The Impact of Juror Knowledge of Deductibility and Defendants’ Tax Rates on Punitive Damages Awards: Experimental Evidence
32 Pages Posted: 19 Feb 2019
Date Written: February 18, 2019
The US Tax Code allows defendants to treat punitive damages as an ordinary and necessary business expense, thereby reducing their taxable income. Legal scholars posit that jurors are unaware that punitive damages are tax-deductible. Consequently, they claim that there is an under-punishment problem because defendants are penalized at lower damages amounts than they would be if jurors were instructed about tax-deductibility. We conduct an experiment to test this claim. We provide mock jurors with information about tax-deductibility as well as information about the defendant’s (historical) effective tax rate (ETR) to provide some context to jurors to adjust their awards, if they choose to. We find that jurors who are explicitly instructed that punitive damages are tax-deductible award higher damages, but only when the defendant’s ETR is low. When the defendant’s ETR is high, instructing jurors about tax-deductibility does not result in significantly higher punitive damages awards. This result is surprising because defendants with a high ETR are likely to benefit more from tax-deductibility compared to defendants with a low ETR. Our results suggests that jurors evaluate tax-deductibility jointly with other elements of a defendant’s tax situation when that information is provided. Therefore, jury instructions about tax-deductibility of punitive damages should carefully consider the implications of providing additional information about the defendant’s tax situation. Our result should be of interest to regulators and scholars in law, accounting, and public policy.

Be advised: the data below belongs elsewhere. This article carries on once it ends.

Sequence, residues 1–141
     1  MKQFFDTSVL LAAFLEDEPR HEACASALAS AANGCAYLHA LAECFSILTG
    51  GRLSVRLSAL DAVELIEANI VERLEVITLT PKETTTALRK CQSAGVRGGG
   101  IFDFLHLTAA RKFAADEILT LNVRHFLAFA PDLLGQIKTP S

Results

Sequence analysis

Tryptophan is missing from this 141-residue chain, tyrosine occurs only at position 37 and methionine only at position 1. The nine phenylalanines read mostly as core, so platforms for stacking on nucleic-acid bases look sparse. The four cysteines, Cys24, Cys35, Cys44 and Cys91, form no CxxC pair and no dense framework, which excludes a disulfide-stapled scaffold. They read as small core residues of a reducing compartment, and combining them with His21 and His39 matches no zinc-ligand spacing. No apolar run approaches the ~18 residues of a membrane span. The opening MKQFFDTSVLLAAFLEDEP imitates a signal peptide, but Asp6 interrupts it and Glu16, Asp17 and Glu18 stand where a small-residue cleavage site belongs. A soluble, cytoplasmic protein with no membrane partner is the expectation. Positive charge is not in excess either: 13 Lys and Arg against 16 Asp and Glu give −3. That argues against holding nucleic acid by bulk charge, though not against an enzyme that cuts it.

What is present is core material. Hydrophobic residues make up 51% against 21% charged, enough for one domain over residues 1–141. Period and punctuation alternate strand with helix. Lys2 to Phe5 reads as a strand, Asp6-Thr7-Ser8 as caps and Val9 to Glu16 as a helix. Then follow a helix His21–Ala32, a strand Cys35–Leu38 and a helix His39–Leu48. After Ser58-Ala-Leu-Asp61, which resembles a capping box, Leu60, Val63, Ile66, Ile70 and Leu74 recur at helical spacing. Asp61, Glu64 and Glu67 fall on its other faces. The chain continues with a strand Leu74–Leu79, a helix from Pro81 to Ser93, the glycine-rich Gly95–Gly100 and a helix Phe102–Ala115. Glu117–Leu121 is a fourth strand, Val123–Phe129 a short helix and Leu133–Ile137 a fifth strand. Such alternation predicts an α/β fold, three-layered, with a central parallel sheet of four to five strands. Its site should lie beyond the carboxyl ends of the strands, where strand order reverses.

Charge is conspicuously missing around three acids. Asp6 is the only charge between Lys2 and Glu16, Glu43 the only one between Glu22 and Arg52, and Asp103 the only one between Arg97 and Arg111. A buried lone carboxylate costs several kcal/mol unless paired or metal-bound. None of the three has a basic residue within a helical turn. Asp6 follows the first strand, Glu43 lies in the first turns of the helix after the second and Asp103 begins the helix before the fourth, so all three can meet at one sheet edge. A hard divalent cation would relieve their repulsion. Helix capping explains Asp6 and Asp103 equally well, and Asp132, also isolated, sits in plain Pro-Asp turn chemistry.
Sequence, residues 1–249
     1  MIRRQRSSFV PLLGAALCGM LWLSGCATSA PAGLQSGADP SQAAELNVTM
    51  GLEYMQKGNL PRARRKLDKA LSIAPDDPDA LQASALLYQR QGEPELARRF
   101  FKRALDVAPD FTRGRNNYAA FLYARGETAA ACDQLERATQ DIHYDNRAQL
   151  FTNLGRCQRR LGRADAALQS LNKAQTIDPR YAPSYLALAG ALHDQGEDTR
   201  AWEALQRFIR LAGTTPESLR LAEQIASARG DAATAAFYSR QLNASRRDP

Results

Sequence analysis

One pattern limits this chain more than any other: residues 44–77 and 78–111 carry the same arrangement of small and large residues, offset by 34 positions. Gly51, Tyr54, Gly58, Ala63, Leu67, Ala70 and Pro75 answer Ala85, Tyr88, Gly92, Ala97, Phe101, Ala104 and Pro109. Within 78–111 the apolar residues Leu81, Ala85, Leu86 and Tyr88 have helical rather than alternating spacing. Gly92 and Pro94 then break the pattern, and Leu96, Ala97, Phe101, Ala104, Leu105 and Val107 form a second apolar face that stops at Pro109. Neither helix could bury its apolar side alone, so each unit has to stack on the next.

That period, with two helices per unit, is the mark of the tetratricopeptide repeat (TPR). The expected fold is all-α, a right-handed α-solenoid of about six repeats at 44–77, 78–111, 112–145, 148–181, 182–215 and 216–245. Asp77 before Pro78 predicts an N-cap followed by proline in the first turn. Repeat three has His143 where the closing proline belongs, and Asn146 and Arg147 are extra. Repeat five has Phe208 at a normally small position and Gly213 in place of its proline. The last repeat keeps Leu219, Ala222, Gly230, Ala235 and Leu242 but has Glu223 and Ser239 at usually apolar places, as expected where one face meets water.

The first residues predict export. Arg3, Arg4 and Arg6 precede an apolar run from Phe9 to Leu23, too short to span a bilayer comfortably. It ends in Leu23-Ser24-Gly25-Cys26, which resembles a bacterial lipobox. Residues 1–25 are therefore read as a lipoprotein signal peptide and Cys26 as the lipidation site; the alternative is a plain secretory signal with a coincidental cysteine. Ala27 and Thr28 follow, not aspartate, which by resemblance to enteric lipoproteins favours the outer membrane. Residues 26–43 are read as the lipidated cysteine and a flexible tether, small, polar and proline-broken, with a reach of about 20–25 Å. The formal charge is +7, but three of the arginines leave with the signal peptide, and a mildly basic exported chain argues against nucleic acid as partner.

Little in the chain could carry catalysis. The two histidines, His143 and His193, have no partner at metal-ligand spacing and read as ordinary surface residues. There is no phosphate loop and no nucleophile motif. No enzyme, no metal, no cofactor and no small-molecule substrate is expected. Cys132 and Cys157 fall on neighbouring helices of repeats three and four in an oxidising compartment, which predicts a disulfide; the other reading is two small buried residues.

Keywords: punitive damages, tax-deductibility, effective tax rates
JEL Classification: K10, M41
Suggested Citation: Suggested Citation